Law school bestie and I were studying ethical rules when a New York Times update hit my phone. Nelson Mandela died. A powerful human and reminder to us all: Do better. Then, a family friend died.
I was transported back to spring. A peer was fatally shot during a college graduation celebration, while out of state with friends. Someone contacted me to speak with a reporter from the incident state about him. After reading sensational and othering coverage of a young man whose side we’d never hear, whose family was in mourning, and whose down-south chuckle is no distant memory, I declined.
Respecting the dead honors lives. This is especially true when people fulfill their purpose. We exist. We expand. We expire. But, choices sprout throughout the journey. My mama says that life can happen to us or we can happen to life.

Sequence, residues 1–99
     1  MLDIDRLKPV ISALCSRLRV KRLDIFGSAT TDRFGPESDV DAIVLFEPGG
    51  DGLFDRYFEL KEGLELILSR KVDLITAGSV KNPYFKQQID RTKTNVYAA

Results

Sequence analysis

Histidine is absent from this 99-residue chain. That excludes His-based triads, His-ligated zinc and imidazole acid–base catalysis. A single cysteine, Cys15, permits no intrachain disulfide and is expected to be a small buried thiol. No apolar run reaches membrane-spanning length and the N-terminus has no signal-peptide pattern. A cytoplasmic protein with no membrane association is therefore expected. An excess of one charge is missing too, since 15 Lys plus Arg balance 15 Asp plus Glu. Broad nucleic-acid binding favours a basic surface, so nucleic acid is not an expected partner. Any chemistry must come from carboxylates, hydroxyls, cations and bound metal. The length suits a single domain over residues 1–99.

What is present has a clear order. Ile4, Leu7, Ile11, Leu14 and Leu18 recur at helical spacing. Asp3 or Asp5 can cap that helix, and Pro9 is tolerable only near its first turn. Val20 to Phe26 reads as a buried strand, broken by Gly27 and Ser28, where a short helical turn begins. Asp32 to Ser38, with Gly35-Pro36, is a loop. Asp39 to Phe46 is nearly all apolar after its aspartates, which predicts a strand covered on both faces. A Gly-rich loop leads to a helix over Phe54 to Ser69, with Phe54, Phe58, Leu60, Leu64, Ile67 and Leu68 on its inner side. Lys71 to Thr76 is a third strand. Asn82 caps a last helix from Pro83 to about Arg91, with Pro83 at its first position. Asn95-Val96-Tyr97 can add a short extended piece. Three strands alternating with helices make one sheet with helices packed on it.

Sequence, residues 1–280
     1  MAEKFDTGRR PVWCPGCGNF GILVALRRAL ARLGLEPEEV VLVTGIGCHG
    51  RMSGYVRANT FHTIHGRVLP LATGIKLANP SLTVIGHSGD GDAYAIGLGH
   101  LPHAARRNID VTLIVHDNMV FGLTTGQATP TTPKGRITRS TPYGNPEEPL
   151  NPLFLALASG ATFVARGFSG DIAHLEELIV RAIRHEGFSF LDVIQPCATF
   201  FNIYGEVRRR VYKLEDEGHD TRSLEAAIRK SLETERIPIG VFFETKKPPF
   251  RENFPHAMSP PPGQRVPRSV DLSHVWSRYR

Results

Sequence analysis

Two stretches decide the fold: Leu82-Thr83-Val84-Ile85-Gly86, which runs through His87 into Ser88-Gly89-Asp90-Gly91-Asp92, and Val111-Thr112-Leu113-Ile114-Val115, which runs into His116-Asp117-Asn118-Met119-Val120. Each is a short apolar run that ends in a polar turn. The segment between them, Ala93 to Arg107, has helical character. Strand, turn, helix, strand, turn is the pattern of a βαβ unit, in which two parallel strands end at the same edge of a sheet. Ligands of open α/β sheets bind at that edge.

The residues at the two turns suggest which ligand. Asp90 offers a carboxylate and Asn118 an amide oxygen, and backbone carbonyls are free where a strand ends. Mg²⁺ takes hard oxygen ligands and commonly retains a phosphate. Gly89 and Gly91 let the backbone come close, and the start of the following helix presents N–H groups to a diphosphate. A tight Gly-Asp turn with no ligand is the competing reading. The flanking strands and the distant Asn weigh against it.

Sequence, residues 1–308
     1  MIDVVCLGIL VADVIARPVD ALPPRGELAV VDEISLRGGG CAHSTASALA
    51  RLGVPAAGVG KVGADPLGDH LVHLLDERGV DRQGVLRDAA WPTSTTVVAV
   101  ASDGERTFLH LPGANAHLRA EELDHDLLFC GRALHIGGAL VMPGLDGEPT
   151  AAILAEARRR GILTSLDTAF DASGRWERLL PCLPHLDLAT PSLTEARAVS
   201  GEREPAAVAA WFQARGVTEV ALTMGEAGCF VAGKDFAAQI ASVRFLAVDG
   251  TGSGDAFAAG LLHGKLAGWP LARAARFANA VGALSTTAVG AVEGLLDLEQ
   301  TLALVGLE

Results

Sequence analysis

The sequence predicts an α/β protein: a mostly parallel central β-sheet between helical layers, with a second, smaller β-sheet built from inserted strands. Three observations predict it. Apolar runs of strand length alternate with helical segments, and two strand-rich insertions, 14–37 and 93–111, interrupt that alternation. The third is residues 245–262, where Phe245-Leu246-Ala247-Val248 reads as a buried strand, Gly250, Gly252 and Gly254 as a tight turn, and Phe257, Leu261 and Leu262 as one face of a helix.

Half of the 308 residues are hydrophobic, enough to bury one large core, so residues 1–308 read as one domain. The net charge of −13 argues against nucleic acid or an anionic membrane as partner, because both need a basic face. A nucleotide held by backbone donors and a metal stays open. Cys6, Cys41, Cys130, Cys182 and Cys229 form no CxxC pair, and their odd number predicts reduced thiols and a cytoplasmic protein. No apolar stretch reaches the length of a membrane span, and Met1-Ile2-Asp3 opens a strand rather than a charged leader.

I try to happen to life. Sometimes I succeed. A friend said I “make love to life.” Sometimes colors drip with vibrance, flavors float on my tongue, and ideas take form in a viable medium. Days become transcendental and universal moments of humanity recur.
Other times things get routine and mundane or bureaucratic. It is fascinating how much ego is involved. Newsflash: Accomplished people should still be kind people. Exercising restraint doesn’t make you a sucker. Likewise, bossing up doesn’t have to mean bullying.
And sometimes thinking about thinking is the default. We can do word dances all day. It’s fun. And yes, intellect is magnetic. However, some truths are simple. Folks want to be happy.